Wednesday, October 10, 2012

Camille Paglia on the Future of Art

Everyone has been linking to and quoting a new article by Camille Paglia in the Wall Street Journal. She is sort of a contrarian academic, meaning that she is a bit of an academic dissident. She has written widely on both popular culture and the art world. I've read this latest essay a few times and each time I read it, it seems to make less sense. Let me quote a bit of the beginning and follow with my comments:
Does art have a future? Performance genres like opera, theater, music and dance are thriving all over the world, but the visual arts have been in slow decline for nearly 40 years. No major figure of profound influence has emerged in painting or sculpture since the waning of Pop Art and the birth of Minimalism in the early 1970s.
 Oh, good grief: art always has a future and it will probably be different from today. I seriously question the claim in the next sentence: opera, theater and music are under great stress right now with aging audiences and falling revenues. Just off the top of my head, four or five symphony orchestras in the US were either on strike or about to go on strike in September because the management were going to cut players' salaries by up to 50%. Orchestras have been going in and out of bankruptcy for years. Are the visual arts in decline? Certainly not if you look at the prices some works have been commanding in auctions. I recall one modern painting selling for 89 million the other day. Damien Hirst and Ai Wei Wei seem to be doing just fine both career wise and, if you believe critics, aesthetically as well. But contemporary composers of music are struggling with pretty skimpy commissions these days. So I don't see any real evidence to back up any of the claims made in the first paragraph.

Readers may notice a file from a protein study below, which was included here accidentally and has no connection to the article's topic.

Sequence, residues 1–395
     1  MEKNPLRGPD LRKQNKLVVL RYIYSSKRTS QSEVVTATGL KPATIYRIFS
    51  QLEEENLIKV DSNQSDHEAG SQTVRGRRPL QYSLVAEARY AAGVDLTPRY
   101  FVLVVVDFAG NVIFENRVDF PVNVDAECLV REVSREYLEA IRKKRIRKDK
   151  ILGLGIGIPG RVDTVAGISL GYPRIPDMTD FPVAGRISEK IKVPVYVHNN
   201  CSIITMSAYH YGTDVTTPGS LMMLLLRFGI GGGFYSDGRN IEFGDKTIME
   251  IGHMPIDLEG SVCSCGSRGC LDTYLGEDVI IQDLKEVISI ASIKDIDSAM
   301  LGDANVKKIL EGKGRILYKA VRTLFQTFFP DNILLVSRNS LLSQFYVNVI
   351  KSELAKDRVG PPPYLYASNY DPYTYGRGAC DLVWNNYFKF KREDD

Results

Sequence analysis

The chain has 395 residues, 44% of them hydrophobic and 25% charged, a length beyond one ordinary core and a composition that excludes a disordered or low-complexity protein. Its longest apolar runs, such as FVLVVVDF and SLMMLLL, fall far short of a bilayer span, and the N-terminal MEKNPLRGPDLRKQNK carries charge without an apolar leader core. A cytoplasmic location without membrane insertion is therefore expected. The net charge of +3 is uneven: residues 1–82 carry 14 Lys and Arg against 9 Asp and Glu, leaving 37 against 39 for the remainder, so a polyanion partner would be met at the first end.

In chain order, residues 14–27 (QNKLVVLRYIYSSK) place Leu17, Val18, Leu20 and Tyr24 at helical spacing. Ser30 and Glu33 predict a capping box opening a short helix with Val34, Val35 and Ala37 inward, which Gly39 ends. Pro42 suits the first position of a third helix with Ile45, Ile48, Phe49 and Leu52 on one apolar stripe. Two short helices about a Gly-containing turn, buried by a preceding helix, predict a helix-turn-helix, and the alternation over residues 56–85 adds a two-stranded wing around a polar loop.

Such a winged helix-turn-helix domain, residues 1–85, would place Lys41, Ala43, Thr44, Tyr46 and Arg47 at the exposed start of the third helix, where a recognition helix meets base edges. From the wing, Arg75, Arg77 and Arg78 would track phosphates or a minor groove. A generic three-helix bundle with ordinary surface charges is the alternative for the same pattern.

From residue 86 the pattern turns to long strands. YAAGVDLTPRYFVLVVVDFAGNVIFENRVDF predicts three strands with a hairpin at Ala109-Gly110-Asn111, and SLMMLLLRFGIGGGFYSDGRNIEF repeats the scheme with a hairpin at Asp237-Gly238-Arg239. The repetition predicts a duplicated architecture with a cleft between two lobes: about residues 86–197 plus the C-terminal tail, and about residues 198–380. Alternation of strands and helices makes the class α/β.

My problem here is that if she is this off-base in her basic understanding of the facts on the ground, is the rest even worth reading? She says later on:
The art world, like humanities faculties, suffers from a monolithic political orthodoxy—an upper-middle-class liberalism far from the fiery antiestablishment leftism of the 1960s. (I am speaking as a libertarian Democrat who voted for Barack Obama in 2008.)
This is probably true, but also irrelevant. No-one who sits down in front of a blank score or blank canvas has much political on their mind, orthodox, liberal or fascist! You just want to have an idea you can develop.
It's high time for the art world to admit that the avant-garde is dead. It was killed by my hero, Andy Warhol, who incorporated into his art all the gaudy commercial imagery of capitalism (like Campbell's soup cans) that most artists had stubbornly scorned.
Yes, sure the avant-garde is dead, but Andy Warhol is probably no more to blame than John Cage or Karlheinz Stockhausen. Also, note the strange missing causality here: the avant-garde was killed by "Andy Warhol, who incorporated ... gaudy commercial imagery..." But was it the imagery that killed the avant-garde? Or something else? Then she goes off on a long rant about how kids today need to get their hands dirty with the trades like wood-working. Then she swerves off into a sort of left-handed praise of capitalism and technology.

Good grief again: does no-one know how to write in academia these days? Just being able to state an idea and then argue for or against it would be so very, very refreshing. Look what Paglia has done here:  skipped around from one half-articulated thought to another finally ending up by tying herself in knots. What is she trying to say, the arts are a wasteland, but capitalism is the answer? But the iPhone has no soul? This is beyond mere incoherence. So, could someone explain to me why anyone reads Camille Paglia?

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